Learned counsel for the Appellant argued forcefully that the learned trial Judge failed to advert to the fact that the defences so enumerated negated any corrupt intention on the part of the appellant. According to the learned counsel, the Court of Appeal incorrectly held that the prosecution established the required mens rea for a conviction on the offence charged. In a further argument, learned counsel submitted that the lower court was wrong to have affirmed the conviction of the Appellant when the evidence led before the trial court negated any corrupt intention. Section 17 (1) (c) of the Corrupt Practices and Other Related Offences Act 2000 provides as follows:” 17(1) any person who corruptly —(c) knowingly gives to any agent, or being an agent knowingly uses with intent to deceive his principal, any receipt, account other document in respect of which the principal is interested and which contains any statement which is false or erroneous or defective in any material particular, and which to his knowledge is intended to mislead his principal or any other person, is guilty of an offence and shall on conviction be liable to five years imprisonment.”
From the provision of Section 17 (i) (c) which I have reproduced hereinabove, for the prosecution to succeed, it must prove that the accused knowingly deceived his principal or intended to deceive his principal by presenting a document in which the principal is interested in and that the document contains false material. A man’s intention can only be established by circumstances and facts leading to the commission of the crime for which he is charged. It is very difficult to know what a man intends without resorting to chains of events that culminated into the acts complained of. It is only God and perhaps the devil whose powers are beyond human comprehension that will know a man’s intention. Intent is defined in Wager vs Pro CA 603 F, 2d 1005 as a mental attitude which can seldom be proved by direct evidence, but must ordinarily be proved by circumstances from which it may be inferred. Also in State vs Gantt 26 NC, App. 554 intent is defined as a state of mind existing at the time a person commits an offence and may be shown by act, circumstances and inferences deducible therefrom. See State vs Evans 219 Kan 548 P. 2d 772, 777. From the facts of this case the Appellant and the Bursar of the college knew that the 41 casual staff were not permanent staff. This is clearly admitted by the Appellant who said because of that knowledge, they interviewed the 41 casual staff with a view to converting them to permanent staff.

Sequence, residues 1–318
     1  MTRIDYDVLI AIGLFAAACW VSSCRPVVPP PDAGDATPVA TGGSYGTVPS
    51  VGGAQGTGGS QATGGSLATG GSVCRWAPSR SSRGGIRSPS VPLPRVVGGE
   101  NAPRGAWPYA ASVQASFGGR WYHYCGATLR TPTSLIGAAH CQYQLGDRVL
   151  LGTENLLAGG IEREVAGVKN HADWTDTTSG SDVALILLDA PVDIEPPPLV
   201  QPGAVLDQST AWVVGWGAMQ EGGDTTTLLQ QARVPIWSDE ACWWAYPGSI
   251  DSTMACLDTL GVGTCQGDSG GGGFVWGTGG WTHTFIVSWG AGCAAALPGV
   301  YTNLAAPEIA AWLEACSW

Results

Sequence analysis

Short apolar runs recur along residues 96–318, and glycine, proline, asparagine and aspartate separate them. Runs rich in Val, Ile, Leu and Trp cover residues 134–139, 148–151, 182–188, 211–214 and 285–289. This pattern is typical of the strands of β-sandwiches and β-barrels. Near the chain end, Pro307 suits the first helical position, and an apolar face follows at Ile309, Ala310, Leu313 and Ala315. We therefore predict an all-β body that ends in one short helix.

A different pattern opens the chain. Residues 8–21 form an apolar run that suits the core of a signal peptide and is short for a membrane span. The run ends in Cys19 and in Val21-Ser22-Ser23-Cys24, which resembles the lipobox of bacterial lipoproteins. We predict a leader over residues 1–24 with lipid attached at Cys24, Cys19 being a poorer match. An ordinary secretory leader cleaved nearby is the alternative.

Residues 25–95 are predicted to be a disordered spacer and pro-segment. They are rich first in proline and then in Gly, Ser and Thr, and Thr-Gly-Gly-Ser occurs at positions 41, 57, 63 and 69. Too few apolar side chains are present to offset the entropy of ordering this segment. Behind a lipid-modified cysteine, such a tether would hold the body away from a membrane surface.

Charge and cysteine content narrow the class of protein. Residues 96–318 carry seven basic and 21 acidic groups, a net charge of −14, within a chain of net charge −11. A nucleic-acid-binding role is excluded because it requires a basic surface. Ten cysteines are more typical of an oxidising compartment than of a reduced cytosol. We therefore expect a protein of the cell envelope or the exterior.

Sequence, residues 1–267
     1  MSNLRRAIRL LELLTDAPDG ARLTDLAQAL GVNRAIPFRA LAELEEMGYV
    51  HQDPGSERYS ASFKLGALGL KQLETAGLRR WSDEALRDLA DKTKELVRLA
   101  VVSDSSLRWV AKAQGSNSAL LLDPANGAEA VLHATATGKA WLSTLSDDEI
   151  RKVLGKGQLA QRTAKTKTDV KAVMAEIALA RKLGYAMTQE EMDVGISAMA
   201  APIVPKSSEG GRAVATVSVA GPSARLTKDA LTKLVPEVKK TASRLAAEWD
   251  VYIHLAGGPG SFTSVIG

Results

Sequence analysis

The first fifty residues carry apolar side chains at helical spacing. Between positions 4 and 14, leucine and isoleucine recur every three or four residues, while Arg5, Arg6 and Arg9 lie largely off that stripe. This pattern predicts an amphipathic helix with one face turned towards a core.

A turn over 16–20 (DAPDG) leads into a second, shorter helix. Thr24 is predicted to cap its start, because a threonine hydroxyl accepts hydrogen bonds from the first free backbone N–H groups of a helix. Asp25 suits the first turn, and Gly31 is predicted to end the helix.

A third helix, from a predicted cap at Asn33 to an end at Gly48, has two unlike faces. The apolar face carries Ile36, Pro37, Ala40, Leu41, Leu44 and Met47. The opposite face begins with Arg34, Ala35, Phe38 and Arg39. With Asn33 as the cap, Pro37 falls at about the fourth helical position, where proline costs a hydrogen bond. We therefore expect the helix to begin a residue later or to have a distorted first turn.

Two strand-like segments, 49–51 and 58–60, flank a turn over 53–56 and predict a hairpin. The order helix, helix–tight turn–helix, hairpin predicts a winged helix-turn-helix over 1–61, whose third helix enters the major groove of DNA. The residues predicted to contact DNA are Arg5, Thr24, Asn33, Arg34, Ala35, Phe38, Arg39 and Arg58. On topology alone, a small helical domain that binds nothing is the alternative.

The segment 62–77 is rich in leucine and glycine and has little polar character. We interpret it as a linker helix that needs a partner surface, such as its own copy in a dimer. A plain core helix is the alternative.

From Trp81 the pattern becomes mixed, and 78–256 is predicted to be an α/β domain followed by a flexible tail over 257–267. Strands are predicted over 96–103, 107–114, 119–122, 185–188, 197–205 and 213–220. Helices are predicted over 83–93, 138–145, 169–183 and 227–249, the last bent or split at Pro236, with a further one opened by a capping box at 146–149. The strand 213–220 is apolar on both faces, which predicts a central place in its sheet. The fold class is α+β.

I therefore do not see the rationale behind learned counsel’s argument that the prosecution failed to prove that the Appellant had the necessary intention to commit the Offence for which she was charged. The Court of Appeal was right when it affirmed the decision of the trial court. Section 17 (1)(c) does not suggest that money lost as a result of the receipt or misrepresentation must be recovered from an accused before she could be found guilty of the offence. Mere deception and presentation of false and erroneous or defective material by a person with intent to mislead his principal or any other person is enough. The omission of the word corruptly from the reproduction and consideration of the provision of Section 17 (1)(c) by the Court of Appeal has not affected the quality of its judgment. I have also read through the reply brief and l have found that it contains argument canvassed in the Appellant’s brief of argument. The essence of a reply brief is not to reopen argument already canvassed. It is to reply to new issues that have arisen in the Respondent’s brief of argument. Learned counsel for the Appellant has not convinced me to overturn the decision of the lower court on this issue, which l resolve against the Appellant.
Having resolved the two issues submitted for the determination of this appeal against the Appellant, this appeal shall be and it is hereby dismissed.
The decision of the lower court is accordingly affirmed.
Paul Adamu Galinje, JSC
Mr. 0.0 Ogungbade Esq with Toyese Owoade; O. A. Adenipekun for the Appellant.
Mr. George Lawal Esq with him is K. K Anabraba for the Respondent.